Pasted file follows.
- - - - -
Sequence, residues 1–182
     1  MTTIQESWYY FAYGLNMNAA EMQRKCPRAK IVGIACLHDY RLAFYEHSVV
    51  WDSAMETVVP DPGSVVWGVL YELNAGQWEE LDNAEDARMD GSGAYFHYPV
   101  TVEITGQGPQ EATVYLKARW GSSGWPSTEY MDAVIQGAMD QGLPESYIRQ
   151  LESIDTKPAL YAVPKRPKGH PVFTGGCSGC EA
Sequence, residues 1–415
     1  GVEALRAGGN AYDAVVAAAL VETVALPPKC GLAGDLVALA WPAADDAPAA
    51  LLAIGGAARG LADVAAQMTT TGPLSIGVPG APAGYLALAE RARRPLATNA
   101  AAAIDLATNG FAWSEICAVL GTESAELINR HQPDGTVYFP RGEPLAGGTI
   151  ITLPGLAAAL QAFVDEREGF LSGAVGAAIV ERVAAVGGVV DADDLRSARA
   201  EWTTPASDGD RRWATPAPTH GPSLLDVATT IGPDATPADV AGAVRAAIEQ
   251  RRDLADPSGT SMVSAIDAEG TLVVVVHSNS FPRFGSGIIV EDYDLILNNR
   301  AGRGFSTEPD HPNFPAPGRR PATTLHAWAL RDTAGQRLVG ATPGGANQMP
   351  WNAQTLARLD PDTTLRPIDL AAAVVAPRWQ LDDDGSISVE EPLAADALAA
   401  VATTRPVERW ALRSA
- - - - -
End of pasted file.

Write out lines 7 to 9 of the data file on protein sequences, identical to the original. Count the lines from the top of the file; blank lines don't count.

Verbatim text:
     1  GVEALRAGGN AYDAVVAAAL VETVALPPKC GLAGDLVALA WPAADDAPAA
    51  LLAIGGAARG LADVAAQMTT TGPLSIGVPG APAGYLALAE RARRPLATNA
   101  AAAIDLATNG FAWSEICAVL GTESAELINR HQPDGTVYFP RGEPLAGGTI